# Euler Solution 73

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Essentially the same logic as my python code above, in a language I don't really know. I'm surprised I got it to work at all. | Essentially the same logic as my python code above, in a language I don't really know. I'm surprised I got it to work at all. | ||

+ | Whilst this particular version of scheme probably isn't currently on any of Progsoc's servers, I'm sure we could get someone to make it available on one of them... | ||

#lang scheme | #lang scheme | ||

## Revision as of 06:37, 25 April 2010

## Contents |

# Solutions for Problem 73

**NOTE:** Another easter egg for the next person who solves it (no links/updates on the main page).

How many fractions are there of the form *n*/*d* (where *n* and *d* are positive integers with no common divisors) between 1/3 and 1/2 for *d* <= 12000?

Note: Limit was increased lately from 10,000 to 12,000. (Thomas's won't work now, or will at least need it's limit adjusted)

## Haskell by SanguineV

Runtime: unknown

{- Return all the fractions i in the range 1/3 < i < 1/2 for some divisor "n" - Note: results are sorted by default. -} fracs :: Double -> [Double] fracs n = map (\x -> x/n) (takeWhile (< n/2) (dropWhile (<= n/3) [1..])) {- Combine two sorted lists of doubles (can also use type: Eq a => [a] -> [a] -> [a]) - returning a sorted single list without duplicates. -} comb :: [Double] -> [Double] -> [Double] comb [] ys = ys comb xs [] = xs comb (x:xs) (y:ys) | x == y = [x] ++ (comb xs ys) comb (x:xs) (y:ys) | x > y = [y] ++ (comb (x:xs) ys) comb (x:xs) (y:ys) = [x] ++ (comb xs (y:ys)) {- Combine all the lists together for divisor 5..10000 and print the length -} main = print (length (foldl (\l n -> comb l (fracs n)) [] [5..10000]))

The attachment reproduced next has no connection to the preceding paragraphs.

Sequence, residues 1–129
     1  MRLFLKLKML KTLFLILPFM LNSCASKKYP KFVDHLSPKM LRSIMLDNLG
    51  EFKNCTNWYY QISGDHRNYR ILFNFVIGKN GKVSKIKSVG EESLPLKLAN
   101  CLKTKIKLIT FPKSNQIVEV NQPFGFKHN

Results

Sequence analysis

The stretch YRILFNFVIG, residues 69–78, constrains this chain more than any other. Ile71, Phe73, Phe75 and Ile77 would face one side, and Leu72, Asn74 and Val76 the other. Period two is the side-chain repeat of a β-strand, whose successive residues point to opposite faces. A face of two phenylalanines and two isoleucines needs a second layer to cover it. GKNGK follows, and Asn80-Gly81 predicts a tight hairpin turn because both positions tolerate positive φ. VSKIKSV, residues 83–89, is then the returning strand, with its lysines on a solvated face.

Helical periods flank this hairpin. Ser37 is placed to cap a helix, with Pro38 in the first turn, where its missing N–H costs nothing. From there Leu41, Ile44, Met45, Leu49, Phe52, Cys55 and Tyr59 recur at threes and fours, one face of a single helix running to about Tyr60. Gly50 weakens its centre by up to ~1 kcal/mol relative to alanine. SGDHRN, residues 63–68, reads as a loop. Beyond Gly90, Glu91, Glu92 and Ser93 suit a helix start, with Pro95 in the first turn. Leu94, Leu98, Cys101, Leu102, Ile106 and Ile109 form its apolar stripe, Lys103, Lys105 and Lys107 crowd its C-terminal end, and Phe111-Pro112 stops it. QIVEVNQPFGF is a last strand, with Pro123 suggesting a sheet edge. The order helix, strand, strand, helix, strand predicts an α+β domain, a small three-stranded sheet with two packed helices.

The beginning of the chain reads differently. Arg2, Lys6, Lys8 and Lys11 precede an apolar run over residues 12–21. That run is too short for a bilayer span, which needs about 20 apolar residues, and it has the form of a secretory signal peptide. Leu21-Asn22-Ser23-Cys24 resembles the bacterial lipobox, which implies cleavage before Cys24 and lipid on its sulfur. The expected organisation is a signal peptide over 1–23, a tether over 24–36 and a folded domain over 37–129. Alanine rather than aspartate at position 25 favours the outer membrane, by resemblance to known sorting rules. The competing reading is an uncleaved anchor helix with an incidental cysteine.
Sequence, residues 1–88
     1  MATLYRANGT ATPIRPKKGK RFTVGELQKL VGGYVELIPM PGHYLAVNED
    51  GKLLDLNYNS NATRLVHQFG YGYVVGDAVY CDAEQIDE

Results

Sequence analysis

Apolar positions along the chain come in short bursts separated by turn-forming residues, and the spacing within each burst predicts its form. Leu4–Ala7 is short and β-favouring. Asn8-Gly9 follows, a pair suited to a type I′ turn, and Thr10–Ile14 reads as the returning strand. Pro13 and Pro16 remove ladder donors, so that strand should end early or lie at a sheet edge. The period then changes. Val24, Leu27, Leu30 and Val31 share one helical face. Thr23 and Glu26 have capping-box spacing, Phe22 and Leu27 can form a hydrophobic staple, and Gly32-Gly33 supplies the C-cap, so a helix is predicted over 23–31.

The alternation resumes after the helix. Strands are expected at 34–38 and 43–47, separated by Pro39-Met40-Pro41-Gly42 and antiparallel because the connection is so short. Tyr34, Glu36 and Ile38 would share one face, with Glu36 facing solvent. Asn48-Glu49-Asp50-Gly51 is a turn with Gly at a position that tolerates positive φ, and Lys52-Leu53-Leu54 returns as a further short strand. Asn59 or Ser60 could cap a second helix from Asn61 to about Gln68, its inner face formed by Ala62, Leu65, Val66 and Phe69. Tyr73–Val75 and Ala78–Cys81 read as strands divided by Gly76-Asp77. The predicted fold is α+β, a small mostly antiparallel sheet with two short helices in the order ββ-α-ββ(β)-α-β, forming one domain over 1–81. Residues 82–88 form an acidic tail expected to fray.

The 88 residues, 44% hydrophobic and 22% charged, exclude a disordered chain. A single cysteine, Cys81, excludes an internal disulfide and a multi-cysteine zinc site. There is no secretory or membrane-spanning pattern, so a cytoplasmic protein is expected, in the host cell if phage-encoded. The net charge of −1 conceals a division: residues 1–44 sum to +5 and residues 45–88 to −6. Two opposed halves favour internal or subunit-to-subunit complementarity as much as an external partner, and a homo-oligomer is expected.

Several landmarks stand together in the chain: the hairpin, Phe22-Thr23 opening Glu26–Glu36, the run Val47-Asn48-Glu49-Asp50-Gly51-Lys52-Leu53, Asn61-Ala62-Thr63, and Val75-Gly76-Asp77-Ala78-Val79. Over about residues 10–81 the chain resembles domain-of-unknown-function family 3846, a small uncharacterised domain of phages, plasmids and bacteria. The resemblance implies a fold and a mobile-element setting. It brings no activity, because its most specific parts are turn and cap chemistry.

This is a slow brute force approach, can be done a lot faster!

## Python by Althalus

Runtime: 27.7 seconds. Using a (slightly modified) Stern-Brocot tree this time. Much faster, since we can instruct the tree to only give us the fractions between 1/2 and 1/3 by using those fractions as the starting point (instead of the original 0/1, 1/0)

import sys sys.setrecursionlimit(13001) def sternbrocot_count(depth,lower,upper,n1=1,d1=0,n2=0,d2=1,curdepth=1): n = n1+n2 d = d1+d2 if n > d or d > depth: return 0 if (float(n)/d < upper) and (float(n)/d > lower): res = 1 else: res = 0 if curdepth < depth: res += sternbrocot_count(depth,lower,upper,n,d,n2,d2,curdepth+1) res += sternbrocot_count(depth,lower,upper,n1,d1,n,d,curdepth+1) return res print sternbrocot_count(12000, 1.0/3, 1.0/2, 1,3, 1,2)

Original runtime: 496.6 seconds. Horrible.

third = 1.0/3 half = 1.0/2 fractions = {} for d in range(1,12001): if d % 100 == 0: print d for n in range(1,d): tmp = float(n)/d if tmp > third and tmp < half: f = gcd(n,d) fractions[(n/f,d/f)] = 1 print len(fractions.keys())

## PLT-Scheme by Althalus

Runtime: 1.03s

Essentially the same logic as my python code above, in a language I don't really know. I'm surprised I got it to work at all. Whilst this particular version of scheme probably isn't currently on any of Progsoc's servers, I'm sure we could get someone to make it available on one of them...

#lang scheme (define (stern-brocot depth n1 d1 n2 d2 curdepth) (define n (+ n1 n2)) (define d (+ d1 d2)) (cond [(or (> n d) (> d depth)) 0] [else (cond [(<= curdepth depth) (+ 1 (+ (stern-brocot depth n d n2 d2 (+ curdepth 1)) (stern-brocot depth n1 d1 n d (+ curdepth 1))))] [else 1]) ]) ) (stern-brocot 12000 1 3 1 2 1)